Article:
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If a low-cost broker such as Ameritrade routes all its orders to the highest-paying venue—sending all its limit orders to EDGX and all its market orders to either wholesalers or BX—that means its limit orders may not get executed. Imagine that Microsoft shares are trading at $55. You place a limit order to buy 100 shares if the stock falls to $50, and your brokerage routes that order to EDGX, because they pay the most for limit orders.
In a couple of hours, the price dips to $50 and I tell my own broker (who might be the same as yours) to place a market order to immediately sell my 100 shares of Microsoft. But instead of routing the order to EDGX, where I could sell my shares to you, my brokerage directs it to BX (in order to minimize fees), where it finds a different buyer, leaving you high and dry because after I sell my shares, the stock ticks up to $51 and your order goes unexecuted.
True, the brokerage only gets paid for executed trades, but the firm is betting on the fact that if you can’t get the shares you at the higher price. Providing that the second order gets filled, the brokerage still pockets its same commission, but you lose $100 worth of potential profit.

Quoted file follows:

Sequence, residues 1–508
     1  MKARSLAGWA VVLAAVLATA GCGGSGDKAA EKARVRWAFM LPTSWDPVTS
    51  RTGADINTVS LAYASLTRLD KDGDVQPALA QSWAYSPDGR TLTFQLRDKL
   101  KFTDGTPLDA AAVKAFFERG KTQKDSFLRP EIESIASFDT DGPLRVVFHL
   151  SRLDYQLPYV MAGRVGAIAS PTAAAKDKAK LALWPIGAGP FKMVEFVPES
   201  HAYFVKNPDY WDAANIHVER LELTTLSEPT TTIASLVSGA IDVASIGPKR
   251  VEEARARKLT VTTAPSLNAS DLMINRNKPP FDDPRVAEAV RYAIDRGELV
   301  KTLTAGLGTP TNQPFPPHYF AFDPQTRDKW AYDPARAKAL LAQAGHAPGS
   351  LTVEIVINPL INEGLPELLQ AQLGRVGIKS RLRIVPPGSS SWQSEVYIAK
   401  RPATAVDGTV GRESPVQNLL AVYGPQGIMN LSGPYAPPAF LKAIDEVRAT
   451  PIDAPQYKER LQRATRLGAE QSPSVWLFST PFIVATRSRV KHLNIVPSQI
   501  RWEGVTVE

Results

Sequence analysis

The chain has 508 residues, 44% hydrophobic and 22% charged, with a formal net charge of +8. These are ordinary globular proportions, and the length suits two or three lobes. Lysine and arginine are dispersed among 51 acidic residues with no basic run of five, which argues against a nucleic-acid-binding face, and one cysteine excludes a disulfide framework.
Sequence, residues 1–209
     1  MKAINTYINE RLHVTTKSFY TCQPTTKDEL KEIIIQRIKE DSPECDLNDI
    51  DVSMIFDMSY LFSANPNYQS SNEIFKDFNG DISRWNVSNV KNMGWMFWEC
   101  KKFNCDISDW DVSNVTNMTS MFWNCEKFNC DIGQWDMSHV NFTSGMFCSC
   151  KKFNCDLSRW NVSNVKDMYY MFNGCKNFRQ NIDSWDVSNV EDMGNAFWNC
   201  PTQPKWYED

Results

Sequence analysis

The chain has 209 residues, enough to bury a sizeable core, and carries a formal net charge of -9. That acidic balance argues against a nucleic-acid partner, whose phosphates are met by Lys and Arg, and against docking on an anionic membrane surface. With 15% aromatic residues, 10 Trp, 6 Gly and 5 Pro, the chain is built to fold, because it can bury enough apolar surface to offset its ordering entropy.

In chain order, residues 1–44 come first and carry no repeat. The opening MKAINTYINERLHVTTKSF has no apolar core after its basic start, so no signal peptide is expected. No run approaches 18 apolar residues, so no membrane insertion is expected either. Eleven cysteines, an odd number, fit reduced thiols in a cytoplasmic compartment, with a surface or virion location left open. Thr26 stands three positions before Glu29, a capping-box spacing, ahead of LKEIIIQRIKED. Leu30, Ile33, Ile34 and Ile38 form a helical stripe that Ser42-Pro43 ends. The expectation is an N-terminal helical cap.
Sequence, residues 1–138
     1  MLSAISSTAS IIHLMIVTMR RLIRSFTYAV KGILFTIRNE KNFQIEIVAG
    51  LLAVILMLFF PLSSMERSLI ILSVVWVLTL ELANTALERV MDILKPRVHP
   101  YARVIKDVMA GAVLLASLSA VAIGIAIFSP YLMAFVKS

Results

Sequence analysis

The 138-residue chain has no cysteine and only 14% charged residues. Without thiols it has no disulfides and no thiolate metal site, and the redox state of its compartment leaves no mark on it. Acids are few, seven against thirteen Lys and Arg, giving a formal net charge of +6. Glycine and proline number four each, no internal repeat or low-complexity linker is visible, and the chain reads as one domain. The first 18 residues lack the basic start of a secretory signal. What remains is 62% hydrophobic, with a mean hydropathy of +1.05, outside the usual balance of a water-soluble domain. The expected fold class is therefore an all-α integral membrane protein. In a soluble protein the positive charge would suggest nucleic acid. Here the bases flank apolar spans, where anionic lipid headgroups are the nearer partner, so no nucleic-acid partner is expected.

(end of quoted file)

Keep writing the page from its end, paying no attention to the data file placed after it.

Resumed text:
Does the order routing decision matter in the real world? For actively traded, low-priced stocks including Sirius XM Radio and Microsoft, routing orders to the low-fee venue can improve the probability that limit orders execute by up to 25 percent. For higher priced stocks, such as Google, the routing decision is less important.
While the payments seem miniscule, these rebates are a major source of revenue for both brokerages and exchanges—given enough trades, 30 cents per 100 shares can quickly add up. Indeed, prior to the June 17 subcommittee hearing, Ameritrade revealed that it earned revenues of $236 million from order routing in 2013.
But for the average investor, isn’t 30 cents a small price to pay for the $9.99 trading fees that Ameritrade and other low-cost brokers offer? In response to this, Professor Battalio says, “The point is, what’s small? It’s a matter of trust—you’re supposed to be able to trust your broker, and if they’re going to do things to their advantage when they know you’re not looking, is that OK?”
“The point is, what’s small? It’s a matter of trust—you’re supposed to be able to trust your broker, and if they’re going to do things to their advantage when they know you’re not looking, is that OK?” -Robert Battalio